Careers information and advice in the spotlight
16 Aug 2012
With so many different ways available to access information on career options and opportunities, it is increasingly important for individuals to know where help is readily available particularly during and after exam results time. The National Careers Council, chaired by UK Commissioner Dr Deirdre Hughes, OBE, is putting the spotlight on careers information and advice for young people and adults in England.
Many young people (and adults) need access to accurate, high-quality, impartial information about their options and what they need to do to enter a particular career pathway. Evidence indicates: ‘The lack of information about the choices available to them is seen by young people as one of the main barriers to their participation post-16. An even greater number (19%) see this lack of information as having placed constraints on their choices. The UK Commission for Employment & Skills (UKCES) reports that ‘the labour market requires individuals to be adaptable across the lifecourse – to upskill, reskill & experience transformational shifts'.
The National Careers Service (NCS) is gearing up to advise individuals across England about what learning and career options are available, how to apply and make the most of their talents and interests. A level, GCSE or other students receiving surprising results are encouraged to call NCS to discuss the implications and options with professional guidance advisers. For further help and support, people can speak to an impartial adviser at the National Careers Service on 0800 100 900 or web-chat online at nationalcareersservice.direct.gov.uk, from 8am to 10pm daily. The Facebook and Twitter sites are updated daily with useful careers information and links to the tools that can help you get on in work and life. Like us on Facebook and follow @NationalCareers onTwitter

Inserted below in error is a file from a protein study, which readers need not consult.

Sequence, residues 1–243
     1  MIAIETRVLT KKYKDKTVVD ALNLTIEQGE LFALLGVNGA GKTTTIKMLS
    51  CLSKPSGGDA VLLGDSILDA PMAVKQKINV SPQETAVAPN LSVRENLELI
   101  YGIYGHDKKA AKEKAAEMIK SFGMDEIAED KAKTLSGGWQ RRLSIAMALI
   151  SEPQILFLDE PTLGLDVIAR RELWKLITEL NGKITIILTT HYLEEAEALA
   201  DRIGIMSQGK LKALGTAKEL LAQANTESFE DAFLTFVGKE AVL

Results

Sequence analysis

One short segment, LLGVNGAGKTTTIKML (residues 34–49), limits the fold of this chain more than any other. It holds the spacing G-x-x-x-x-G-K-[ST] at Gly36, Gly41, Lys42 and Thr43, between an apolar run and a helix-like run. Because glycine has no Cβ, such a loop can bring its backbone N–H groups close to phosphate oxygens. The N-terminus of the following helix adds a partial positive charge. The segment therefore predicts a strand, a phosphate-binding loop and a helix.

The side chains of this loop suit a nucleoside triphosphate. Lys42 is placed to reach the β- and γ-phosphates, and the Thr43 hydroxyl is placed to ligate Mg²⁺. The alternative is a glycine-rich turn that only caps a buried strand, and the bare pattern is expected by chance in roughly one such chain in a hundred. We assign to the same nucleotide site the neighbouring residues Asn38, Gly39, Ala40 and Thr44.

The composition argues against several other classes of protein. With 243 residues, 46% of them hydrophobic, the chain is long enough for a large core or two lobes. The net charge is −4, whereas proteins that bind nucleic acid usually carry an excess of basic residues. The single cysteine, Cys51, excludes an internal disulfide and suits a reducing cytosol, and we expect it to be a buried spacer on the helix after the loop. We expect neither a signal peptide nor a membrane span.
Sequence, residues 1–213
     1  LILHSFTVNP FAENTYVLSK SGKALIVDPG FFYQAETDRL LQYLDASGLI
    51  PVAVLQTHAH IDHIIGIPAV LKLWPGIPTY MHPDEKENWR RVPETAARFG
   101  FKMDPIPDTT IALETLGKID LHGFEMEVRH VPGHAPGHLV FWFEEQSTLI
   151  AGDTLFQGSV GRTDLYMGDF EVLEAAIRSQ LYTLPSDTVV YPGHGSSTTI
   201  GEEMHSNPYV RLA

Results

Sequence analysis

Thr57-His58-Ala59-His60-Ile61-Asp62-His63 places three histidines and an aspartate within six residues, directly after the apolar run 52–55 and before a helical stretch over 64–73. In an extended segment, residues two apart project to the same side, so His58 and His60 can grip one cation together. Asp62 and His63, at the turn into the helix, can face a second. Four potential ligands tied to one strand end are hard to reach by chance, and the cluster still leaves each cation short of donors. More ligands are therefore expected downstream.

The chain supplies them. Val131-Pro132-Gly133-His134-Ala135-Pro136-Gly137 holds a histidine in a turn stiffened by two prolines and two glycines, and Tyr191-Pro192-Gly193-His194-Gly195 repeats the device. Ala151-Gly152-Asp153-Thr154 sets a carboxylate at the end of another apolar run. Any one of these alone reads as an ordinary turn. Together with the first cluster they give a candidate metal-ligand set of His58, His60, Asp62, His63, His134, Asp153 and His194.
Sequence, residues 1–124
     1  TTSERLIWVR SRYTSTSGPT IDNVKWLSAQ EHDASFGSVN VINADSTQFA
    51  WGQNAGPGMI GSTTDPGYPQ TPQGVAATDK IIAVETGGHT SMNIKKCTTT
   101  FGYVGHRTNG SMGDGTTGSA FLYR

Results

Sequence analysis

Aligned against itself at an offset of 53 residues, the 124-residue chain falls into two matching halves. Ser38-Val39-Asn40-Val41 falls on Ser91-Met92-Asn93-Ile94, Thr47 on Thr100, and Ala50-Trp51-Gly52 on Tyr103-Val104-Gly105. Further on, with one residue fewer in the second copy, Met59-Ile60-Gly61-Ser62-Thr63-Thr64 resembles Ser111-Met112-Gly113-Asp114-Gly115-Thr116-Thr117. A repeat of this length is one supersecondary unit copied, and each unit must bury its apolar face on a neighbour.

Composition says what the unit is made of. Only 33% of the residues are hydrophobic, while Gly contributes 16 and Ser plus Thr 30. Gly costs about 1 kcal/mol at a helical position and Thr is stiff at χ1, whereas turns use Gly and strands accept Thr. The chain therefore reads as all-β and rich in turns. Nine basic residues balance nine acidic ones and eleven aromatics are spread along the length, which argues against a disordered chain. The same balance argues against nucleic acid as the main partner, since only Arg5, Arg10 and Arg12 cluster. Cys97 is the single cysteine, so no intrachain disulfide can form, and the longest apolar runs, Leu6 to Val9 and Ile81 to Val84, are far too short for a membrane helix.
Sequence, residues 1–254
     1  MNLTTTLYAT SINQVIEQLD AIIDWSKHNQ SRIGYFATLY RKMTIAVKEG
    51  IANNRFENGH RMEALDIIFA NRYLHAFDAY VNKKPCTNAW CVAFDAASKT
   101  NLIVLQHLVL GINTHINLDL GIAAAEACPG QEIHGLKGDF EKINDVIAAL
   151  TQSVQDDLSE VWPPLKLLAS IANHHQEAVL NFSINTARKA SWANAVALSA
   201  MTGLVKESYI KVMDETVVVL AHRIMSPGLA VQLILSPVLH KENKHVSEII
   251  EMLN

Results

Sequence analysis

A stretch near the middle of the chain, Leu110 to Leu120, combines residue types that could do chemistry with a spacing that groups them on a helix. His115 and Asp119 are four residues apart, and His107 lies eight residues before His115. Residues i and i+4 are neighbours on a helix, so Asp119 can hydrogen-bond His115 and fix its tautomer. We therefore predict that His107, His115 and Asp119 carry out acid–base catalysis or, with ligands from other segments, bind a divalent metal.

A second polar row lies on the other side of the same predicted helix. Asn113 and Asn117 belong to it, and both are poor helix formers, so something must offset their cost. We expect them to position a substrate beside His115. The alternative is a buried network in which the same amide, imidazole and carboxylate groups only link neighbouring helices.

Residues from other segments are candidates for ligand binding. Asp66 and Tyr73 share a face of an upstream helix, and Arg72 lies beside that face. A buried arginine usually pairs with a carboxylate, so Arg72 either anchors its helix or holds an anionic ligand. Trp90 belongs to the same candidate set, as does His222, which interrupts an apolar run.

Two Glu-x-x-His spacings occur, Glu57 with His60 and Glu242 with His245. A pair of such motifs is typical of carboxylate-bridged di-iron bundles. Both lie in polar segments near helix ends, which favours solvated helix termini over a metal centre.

The National Careers Council will report on key findings to Ministers in May 2013. Dr Hughes states: ‘There is evidence that there is a link between career goals and educational attainment, with young people who have clear career goals more likely to believe they have some control over their future. Likewise, young people with better career exploration skills are more positive about their post-16 and post-18 choices. Having access to good quality careers information and advice, especially around exam results time, is crucial. The National Careers Council is working with the National Careers Service and the wider careers support market to find out what works best and where there are any existing gaps in provision that need to be addressed.’
Professional careers advisers provide individual, independent and impartial guidance to help individuals make well informed realistic decisions. Dr Hughes states: ‘Negotiations with universities or UCAS can be stressful, especially if you have to reconsider your options so it is vitally important that you get the right support and guidance to help young people and adults make the right decisions at a time and place that suits them best.’
About the National Careers Council :
The National Careers Council, created in May 2012, will provide advice to government on a strategic vision for the National Careers Service and allied career support services as key economic drivers for business growth and opportunities in learning and work. In doing so, the Council will champion a future direction for careers services that draws on leading-edge developments to ensure high quality provision.
For more information visit the National Careers Council website